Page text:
Buy now pay later means you pay by installments over time, instead of paying the full amount upfront.
Find out how buy now pay later works and what you need to know before you sign up.
How buy now pay later works
When you use a buy now pay later service, you can buy a product and delay payment. You usually pay off your purchase over a few weeks. For bigger purchases, it may be longer.
You don't pay interest on the purchase. Instead you're charged fees, and they can add up quickly.
Lots of shops offer different buy now pay later options. Buy now pay later providers include:
- Humm (previously known as Certegy Ezi-Pay and Oxipay)
- Make It Mine
Before you sign up to buy now pay later
What to look out for
While buy now pay later services can be convenient, it can make it more difficult to track your spending.
Before you sign up, keep in mind:
- It’s easier to over spend – you can over-commit to spending you can’t afford
- Costs can add up – you are charged fees and costs to use the service
- It can be hard to manage – if you sign up for more than one service, it can be hard to keep track of payments
- It might affect a loan application – lenders consider buy now pay later spending when you apply for a car loan or mortgage
- Late repayments can appear on your credit report – this affects your ability to borrow money in the future
- Lay-by can be cheaper – lay-by has no account keeping or late fees
It can be hard to meet repayments. In 2018, ASIC research into buy now pay later services found that to meet repayments, one in six consumers had either:
- become overdrawn on their linked bank account
- had to delay other bill payments, or
- borrowed money from family and friends
Compare the fees and charges
Buy now pay later services are often advertised as 'interest free' or '0% interest'. But they charge fees that can add up quickly. They may charge:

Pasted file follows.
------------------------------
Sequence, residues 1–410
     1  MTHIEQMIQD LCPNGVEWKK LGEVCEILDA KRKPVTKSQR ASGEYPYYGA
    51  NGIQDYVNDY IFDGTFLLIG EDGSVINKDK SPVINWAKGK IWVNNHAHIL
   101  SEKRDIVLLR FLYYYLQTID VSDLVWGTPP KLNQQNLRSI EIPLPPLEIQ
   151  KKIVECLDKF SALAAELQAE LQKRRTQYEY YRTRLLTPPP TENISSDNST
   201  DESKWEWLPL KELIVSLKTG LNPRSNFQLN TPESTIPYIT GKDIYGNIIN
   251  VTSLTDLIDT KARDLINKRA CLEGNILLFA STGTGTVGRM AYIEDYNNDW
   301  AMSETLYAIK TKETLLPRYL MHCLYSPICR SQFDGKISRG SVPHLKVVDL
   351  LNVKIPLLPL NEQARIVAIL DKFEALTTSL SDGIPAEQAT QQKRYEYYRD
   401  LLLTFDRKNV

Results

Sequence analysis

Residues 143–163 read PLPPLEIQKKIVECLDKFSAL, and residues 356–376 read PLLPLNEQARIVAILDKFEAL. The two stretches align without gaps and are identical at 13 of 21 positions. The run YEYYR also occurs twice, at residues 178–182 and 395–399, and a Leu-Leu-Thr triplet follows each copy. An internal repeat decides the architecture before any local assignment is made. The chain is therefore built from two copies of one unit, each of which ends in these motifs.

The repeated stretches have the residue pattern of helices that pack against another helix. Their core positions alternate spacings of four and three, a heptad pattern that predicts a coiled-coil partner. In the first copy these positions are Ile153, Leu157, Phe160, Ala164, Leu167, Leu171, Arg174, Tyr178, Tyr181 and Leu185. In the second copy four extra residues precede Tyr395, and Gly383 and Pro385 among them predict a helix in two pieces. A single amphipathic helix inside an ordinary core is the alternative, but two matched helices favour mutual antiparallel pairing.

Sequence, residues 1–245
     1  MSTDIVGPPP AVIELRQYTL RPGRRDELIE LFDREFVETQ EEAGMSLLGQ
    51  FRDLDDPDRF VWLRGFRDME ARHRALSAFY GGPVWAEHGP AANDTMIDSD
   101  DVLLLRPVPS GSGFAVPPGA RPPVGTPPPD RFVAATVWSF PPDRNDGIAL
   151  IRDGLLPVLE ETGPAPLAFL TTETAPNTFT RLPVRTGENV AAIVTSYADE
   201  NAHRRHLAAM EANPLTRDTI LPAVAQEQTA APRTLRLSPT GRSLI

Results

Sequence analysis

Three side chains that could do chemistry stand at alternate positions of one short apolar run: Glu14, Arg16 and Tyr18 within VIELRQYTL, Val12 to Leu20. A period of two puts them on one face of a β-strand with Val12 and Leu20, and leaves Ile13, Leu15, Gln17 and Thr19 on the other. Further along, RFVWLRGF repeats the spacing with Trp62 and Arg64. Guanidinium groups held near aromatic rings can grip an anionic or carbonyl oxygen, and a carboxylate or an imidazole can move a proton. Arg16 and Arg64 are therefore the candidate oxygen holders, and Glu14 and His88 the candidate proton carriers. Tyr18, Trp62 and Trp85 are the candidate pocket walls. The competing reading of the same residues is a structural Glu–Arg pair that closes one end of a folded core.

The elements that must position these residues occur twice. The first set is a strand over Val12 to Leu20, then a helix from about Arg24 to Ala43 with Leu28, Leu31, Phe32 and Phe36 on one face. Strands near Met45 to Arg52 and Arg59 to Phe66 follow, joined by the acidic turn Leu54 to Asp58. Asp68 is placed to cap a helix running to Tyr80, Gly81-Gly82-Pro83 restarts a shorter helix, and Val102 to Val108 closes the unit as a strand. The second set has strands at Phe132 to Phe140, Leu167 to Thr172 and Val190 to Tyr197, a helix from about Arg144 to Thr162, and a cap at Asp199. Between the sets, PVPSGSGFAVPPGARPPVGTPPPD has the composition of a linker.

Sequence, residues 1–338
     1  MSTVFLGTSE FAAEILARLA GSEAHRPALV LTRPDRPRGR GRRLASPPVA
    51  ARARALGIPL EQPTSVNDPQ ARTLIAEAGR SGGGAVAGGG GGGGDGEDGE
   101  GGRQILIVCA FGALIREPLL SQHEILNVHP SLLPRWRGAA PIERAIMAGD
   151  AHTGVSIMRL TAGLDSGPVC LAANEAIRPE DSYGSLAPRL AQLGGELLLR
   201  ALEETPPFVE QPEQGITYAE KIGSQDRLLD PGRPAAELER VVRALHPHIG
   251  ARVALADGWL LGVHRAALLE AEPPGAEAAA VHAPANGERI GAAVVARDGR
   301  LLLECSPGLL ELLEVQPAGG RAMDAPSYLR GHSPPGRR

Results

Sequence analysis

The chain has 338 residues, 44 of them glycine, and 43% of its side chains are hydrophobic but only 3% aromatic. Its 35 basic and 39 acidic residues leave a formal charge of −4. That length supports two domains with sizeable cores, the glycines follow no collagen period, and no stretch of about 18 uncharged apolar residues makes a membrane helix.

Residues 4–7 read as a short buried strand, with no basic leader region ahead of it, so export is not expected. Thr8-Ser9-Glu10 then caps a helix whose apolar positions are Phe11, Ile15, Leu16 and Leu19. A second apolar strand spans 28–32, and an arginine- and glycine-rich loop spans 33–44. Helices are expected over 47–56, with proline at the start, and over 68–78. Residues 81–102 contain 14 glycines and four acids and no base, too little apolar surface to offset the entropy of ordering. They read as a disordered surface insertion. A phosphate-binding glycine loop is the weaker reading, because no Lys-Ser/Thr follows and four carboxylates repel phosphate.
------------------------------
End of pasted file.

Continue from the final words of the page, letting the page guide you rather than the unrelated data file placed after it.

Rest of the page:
- late fees — if you miss a payment or pay late, up to $15
- monthly account-keeping fees — a fixed monthly fee, up to $8 a month
- payment processing fees — an extra fee of around $2.95 each time you make a payment, on top of your set repayment
- establishment fees — a fee to set up the account. For some there are no establishment fees, but for others these fees can be high and up to $90.
You may also have to pay bank fees:
- overdrawn fees — if you don't have enough money in your account to cover the repayment
- interest — if you are paying by credit card
Using a buy now pay later service
We explain how buy now pay later works and some tips on what to look out for if you use buy now pay later services
Tips for managing buy now pay later
To make the most of buy now pay later services:
- Stick to a limit and aim to have only one buy now pay later account at a time.
- Budget for bills, loan payments and buy now pay later payments.
- Consider linking your buy now pay later account to your debit card instead of your credit card. That way you're using your own money and avoid credit card interest.
If you sign up for a buy now pay later option, add the repayments to your budget — and your calendar.
What to do if you get into trouble
Most buy now pay later providers have dedicated complaints and hardship services. Contact your provider if you have a complaint or if you're having trouble making repayments.
If you're struggling to make repayments, you can also talk to a financial counsellor. They offer a free and confidential service to help you get your finances back on track.
Georgia pays more for buy now pay later
In the lead-up to Christmas, Georgia decides to take advantage of online sales. She finds a new pair of designer sneakers for $150. As money is a bit tight, Georgia signs up to a buy now pay later service to split her payments.
She then finds a hair straightener for $300 at another store. She uses a different buy now pay later service to buy the straightener.
A fortnight later, Georgia discovers that her bank account is overdrawn. Before she bought the items, she hadn't checked whether she would have enough in her account to make both repayments.
Both buy now pay later providers charge Georgia missed payment fees. Her bank also charges her an overdrawn fee. Georgia is now waiting to see if the record of late payment will appear on her credit report.